“May your horse never stumble; may your cinch never break; may your belly never grumble; may your heart never ache.” Such is the cowboy’s birthday wish to his compadres and to all his folks. Such like is also the wish of the great grateful citizenry and lovers of The United States of America on the occasion of our 241st birthday. Huzzah! Giggle-box Susan Dempsey celebrated her day on July 2nd. She puts good energy into reawakening the life-giving power of joy through laughter and play. She and her volunteer group of gigglers spend time with the children at Mercy Children’s Hospital and with seniors and people at risk. They improve lives. Second grade Skyline student, Jacob Shannon, has his big day on the 10th. Seventh graders, Isabel Creed and Wyatt Hicks, have their great days on the 12th and the 13th. The 13th is also the birthday of Champion great niece and Austinite, Sophia Zappler, who will be 15 on the 13th. Zachary Coon will be a 6th grader at Skyline and has his birthday is on the 15th. July is an exciting time of the year and everybody gets to join in with the National Birthday Celebration with birthday cakes, picnics, fireworks, watermelons and swimming holes. Happy Birthday, dear America! Happy birthday to us!
The 30th annual Starvy Creek Bluegrass Festival was augmented by a few of the regulars from the Vanzant Jam last Thursday. Doubtlessly they had a wonderful time over the week end. Meanwhile, the Thursday jam was augmented by some infrequent, but much welcome musicians, so, as usual, a good time was had by all. The General, officiating before the pot luck had begun, informed the crowd that there will be no jam on the 6th of July because the facility will be being prepared for the annual Vanzant Picnic, which will happen on the 7th and the 8th. This will be one of the first local community picnics of the summer social season. There will be music, great food, games (Bingo in the spiffy new Bingo parlor). Proceeds will benefit the Vanzant Community Building and grounds which is the venue for benefits and all kinds of good works in the area. The regular jam will resume on the 13th. Meanwhile the all Acoustic Jam at the Cabool Senior Center will be on schedule 6:30 to 8:30 p.m. on the 10th. It is getting great reviews. Fiddler, Candi Bartch, says it is a nice place to have a jam very relaxed and friendly. Everyone is welcome every Monday night.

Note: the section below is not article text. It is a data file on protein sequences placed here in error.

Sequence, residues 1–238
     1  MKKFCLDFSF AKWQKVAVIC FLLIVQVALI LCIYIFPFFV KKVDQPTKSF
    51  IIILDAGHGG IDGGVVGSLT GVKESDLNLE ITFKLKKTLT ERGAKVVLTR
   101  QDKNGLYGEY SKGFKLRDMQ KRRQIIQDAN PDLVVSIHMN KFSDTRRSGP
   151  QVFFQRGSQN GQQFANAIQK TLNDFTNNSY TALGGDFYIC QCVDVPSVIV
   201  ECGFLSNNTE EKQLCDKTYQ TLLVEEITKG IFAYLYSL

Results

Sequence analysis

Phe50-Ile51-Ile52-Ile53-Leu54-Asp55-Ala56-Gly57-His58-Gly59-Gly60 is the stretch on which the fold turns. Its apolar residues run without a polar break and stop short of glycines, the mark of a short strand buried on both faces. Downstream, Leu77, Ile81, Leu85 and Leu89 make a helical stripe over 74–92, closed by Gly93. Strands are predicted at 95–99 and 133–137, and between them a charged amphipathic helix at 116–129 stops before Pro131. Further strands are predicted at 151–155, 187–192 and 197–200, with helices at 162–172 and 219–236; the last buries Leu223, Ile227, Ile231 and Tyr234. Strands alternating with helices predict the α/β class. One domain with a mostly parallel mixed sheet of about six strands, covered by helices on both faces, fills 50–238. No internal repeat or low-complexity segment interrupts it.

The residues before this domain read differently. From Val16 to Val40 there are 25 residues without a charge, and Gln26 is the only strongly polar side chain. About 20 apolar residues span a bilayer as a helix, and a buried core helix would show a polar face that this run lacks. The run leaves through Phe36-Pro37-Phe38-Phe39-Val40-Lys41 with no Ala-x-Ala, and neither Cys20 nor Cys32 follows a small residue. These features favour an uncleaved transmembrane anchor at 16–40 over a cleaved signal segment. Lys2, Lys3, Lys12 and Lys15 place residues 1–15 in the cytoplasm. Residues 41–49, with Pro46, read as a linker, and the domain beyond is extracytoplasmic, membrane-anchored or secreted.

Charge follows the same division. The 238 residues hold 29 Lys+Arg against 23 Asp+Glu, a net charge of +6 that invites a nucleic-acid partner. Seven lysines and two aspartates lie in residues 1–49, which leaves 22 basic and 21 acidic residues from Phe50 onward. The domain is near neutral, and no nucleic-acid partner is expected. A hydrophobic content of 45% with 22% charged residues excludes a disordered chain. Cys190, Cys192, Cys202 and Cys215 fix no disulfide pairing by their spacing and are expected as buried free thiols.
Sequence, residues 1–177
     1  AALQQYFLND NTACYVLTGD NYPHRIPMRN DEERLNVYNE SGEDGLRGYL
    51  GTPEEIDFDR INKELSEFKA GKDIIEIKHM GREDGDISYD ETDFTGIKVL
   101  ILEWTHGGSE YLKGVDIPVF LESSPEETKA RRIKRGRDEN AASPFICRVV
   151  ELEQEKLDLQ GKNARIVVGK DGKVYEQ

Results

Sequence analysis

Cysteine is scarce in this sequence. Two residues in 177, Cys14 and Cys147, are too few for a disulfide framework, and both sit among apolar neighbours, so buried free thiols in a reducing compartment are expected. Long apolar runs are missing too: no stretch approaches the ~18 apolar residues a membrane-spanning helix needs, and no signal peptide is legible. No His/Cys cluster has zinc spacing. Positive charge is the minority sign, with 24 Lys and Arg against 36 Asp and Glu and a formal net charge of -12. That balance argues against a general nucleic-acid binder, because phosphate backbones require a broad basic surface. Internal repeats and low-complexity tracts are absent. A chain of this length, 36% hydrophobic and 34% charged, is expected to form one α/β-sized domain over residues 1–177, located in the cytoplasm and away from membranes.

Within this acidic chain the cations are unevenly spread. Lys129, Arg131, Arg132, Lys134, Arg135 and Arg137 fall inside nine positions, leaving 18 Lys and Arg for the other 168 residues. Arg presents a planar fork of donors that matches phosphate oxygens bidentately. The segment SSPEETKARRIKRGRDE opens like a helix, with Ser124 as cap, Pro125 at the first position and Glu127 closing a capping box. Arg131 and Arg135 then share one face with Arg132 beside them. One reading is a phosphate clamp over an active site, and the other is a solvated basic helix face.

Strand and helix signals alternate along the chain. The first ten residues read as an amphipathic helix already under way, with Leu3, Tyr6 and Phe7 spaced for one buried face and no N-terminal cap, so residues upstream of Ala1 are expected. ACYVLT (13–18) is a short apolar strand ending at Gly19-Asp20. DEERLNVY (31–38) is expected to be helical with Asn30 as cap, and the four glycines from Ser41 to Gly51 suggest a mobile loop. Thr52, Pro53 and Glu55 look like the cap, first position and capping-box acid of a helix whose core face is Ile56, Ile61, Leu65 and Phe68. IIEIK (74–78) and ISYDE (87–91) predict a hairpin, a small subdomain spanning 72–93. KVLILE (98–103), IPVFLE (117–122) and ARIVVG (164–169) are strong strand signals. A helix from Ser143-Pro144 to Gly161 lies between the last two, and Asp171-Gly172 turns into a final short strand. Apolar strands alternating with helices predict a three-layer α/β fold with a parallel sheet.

A Sunday drive to visit old friends brought Champions up on the ridges and dazzled them with great distant vistas. To get to those high ridge roads they started out on country lanes in some places roofed over, tunnel like, with dense foliage. Black-eyed Susans, Queen Anne’s lace, blue chicory, orange butterfly weed, mullein, banks of elderberry flowers, walnut sprouts, golden sumac, the glorious musk thistle and many other blooming things grace the sides of all the roads, gravel and paved. There is not too much red to be seen along the roadsides this time of the year other than green blackberries and the occasional Kentucky Fried Chicken bucket. From here to there, passing the old home place of friends, now gone, brings a rush of memories. On a splendid summer Sunday, it is a gift to reunite with dear old friends and to make new ones. Young Bailey has made her trip back to the country from Portland, Oregon to visit with her chicken friend, Violet, as well as with her grandparents.